Until 1st September 2019, get free access to Jason N. Yuh’s full article ‘Do as I Say, Not as They Do: Social Construction in the Epistle of Barnabas Through Canonical Interpretation and Ritual’

From Harvard Theological Review’s latest publication, Volume 112, Issue 3.

What makes a group a group? There must be something common among individuals that would constitute such individuals as an actual group. Some groups might be informal—for instance, a group of individuals waiting at a bus stop—while others might be more institutional—for instance, a number of newcomers undertaking an initiatory rite.

In most, if not all, cases, these groups form around two elements: canon (i.e., a set of normative values) and ritual. This is evident for the latter, more institutionalized group, but the same can be said of informal groups as well. The group of people waiting at a bus stop do not coincidentally gather at the same time and location. Rather, there is a normative schedule that designates a specific time and location, and the gathering and waiting of these individuals can be perceived as a ritual.

Whether consciously or unconsciously, these two elements of canon and ritual play a significant role in our involvement in groups today. Canon and ritual are so embedded in group formation that often we take them for granted. In the ancient Mediterranean world, canon and ritual were also fundamental for group formation. There is, however, one text where these two elements seem to be neglected.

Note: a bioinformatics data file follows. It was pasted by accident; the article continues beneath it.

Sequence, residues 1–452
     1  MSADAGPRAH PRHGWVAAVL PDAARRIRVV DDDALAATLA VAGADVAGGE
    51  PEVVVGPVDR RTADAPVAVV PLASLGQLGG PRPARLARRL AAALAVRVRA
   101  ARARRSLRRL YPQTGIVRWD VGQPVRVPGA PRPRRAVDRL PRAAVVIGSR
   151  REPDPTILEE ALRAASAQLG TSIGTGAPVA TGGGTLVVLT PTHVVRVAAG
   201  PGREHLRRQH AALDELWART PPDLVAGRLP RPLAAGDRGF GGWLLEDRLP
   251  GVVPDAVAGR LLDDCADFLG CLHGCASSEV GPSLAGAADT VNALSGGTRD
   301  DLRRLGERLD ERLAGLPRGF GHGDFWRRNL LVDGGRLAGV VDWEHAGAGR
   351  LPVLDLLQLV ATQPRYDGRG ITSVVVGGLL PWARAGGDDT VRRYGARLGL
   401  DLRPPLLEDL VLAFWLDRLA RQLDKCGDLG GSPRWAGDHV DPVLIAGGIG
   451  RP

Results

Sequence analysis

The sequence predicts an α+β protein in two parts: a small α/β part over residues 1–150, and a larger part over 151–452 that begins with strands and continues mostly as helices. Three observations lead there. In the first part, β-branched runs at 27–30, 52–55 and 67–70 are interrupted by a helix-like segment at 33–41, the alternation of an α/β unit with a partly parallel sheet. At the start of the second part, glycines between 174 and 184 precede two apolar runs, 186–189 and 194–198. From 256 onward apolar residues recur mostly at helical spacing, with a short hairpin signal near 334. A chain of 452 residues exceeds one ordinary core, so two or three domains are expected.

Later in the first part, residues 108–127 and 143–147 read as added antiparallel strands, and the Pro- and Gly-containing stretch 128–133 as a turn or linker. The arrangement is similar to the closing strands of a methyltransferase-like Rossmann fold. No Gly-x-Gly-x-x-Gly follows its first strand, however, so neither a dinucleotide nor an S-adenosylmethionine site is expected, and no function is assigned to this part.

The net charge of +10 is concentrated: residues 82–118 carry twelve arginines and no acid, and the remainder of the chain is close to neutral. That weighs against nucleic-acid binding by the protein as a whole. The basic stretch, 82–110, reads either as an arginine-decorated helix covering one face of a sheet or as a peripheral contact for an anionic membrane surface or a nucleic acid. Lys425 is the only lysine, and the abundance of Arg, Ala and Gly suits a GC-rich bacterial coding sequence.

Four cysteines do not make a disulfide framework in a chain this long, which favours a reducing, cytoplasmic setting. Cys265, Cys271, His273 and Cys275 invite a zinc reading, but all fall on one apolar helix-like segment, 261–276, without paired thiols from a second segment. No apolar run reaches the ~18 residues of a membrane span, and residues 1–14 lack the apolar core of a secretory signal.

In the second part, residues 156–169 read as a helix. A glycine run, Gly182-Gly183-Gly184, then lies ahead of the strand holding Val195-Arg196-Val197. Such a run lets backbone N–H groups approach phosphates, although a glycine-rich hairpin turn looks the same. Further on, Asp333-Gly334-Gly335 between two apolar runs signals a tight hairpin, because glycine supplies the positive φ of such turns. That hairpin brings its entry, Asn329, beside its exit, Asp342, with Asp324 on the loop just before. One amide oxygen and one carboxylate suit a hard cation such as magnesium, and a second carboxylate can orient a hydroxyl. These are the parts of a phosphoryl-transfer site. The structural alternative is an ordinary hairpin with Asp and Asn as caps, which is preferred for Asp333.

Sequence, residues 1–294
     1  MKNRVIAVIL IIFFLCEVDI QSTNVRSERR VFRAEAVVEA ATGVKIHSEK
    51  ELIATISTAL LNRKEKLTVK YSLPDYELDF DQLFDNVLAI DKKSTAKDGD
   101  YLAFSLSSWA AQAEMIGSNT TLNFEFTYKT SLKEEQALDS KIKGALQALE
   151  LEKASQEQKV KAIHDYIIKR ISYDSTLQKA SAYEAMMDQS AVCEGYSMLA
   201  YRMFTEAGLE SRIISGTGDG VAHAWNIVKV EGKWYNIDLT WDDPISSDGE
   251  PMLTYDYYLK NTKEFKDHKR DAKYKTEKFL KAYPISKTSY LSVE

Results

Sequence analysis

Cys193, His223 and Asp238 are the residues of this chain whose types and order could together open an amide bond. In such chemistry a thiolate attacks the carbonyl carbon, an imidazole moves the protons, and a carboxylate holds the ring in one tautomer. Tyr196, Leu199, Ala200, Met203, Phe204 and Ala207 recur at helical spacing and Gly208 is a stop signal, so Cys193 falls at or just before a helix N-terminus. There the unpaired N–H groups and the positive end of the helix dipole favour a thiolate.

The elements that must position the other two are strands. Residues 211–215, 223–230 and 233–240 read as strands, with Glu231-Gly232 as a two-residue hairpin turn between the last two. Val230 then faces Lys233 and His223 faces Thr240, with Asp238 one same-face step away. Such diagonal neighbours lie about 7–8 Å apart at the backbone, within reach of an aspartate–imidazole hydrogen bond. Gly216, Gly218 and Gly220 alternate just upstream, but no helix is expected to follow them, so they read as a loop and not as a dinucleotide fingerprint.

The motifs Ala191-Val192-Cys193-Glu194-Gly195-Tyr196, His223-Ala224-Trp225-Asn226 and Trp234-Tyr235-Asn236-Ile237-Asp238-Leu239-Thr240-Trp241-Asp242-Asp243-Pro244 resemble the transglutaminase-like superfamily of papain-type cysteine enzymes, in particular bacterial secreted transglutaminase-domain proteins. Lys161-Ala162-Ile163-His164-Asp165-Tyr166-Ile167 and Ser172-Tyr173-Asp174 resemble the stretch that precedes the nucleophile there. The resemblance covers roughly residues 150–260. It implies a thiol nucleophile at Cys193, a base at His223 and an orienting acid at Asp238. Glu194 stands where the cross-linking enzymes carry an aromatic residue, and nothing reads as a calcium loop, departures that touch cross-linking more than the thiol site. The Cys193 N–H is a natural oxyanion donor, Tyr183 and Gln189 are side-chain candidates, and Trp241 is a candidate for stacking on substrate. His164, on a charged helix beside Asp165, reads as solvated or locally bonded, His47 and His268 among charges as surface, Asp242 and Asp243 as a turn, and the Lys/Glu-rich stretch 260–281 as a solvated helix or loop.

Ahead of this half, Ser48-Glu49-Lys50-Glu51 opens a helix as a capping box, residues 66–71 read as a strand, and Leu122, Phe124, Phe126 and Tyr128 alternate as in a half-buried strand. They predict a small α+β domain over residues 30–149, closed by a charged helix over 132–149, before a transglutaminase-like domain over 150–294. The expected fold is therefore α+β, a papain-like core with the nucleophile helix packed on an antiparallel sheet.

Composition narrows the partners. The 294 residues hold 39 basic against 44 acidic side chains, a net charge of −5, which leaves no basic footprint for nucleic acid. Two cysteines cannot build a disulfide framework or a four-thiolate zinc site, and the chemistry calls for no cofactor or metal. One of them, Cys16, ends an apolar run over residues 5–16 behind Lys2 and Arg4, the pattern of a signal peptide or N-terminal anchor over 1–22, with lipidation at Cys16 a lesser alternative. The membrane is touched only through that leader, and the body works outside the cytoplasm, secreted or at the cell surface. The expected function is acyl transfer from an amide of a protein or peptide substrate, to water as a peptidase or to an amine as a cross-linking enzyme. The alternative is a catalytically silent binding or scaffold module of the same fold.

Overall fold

Likely written in the early second century CE, the Epistle of Barnabas has been regarded as one of the most puzzling texts of early Christianity for a variety of reasons. Until fairly recently, most of the research has focused on the sources behind the letter or its hostility toward Jewish rituals. The epistle, however, is also strange because its views on canon and ritual—the foundational elements of group formation—are obscure. The opprobrium of Jewish rituals that this text delivers is grounded on Jewish normative values and traditions. Moreover, it appears, at first glance, that the text does not advance its own rituals and its only “canon” is that which is owned by the very group that the text seems to be attacking.

Upon closer analysis, I argue that the text actually does reveal a pressing concern for both canon and ritual. The key to this is a rare metaphor that it uses, the circumcision of hearing (Barn. 9:1–3), whose importance and rationale have not hitherto been expounded in scholarship. In part, this is because the significance of this metaphor does not directly contribute to the theology of Barnabas, which has largely preoccupied Barnabas scholarship. Not only is this metaphor significant, but its significance lies in its social and communal implications.

To explore these implications I draw upon interdisciplinary research on canon and ritual. Barnabas attempts to create and/or sustain his group by offering a new canon (or canonical interpretation) that could only be understood through the circumcision of hearing. Although the methodology and conclusion of this study are primarily concerned with the social dimensions of the text, I do not intend to undermine the importance of its theology. Rather, my study aims to supplement, or perhaps even clarify, the theological outlook of Barnabas. Owing to the theoretical richness of canon and ritual, my study can also serve as a methodological paradigm to examine the dynamics of other communal groups.

Jason N. Yuh, University of Toronto


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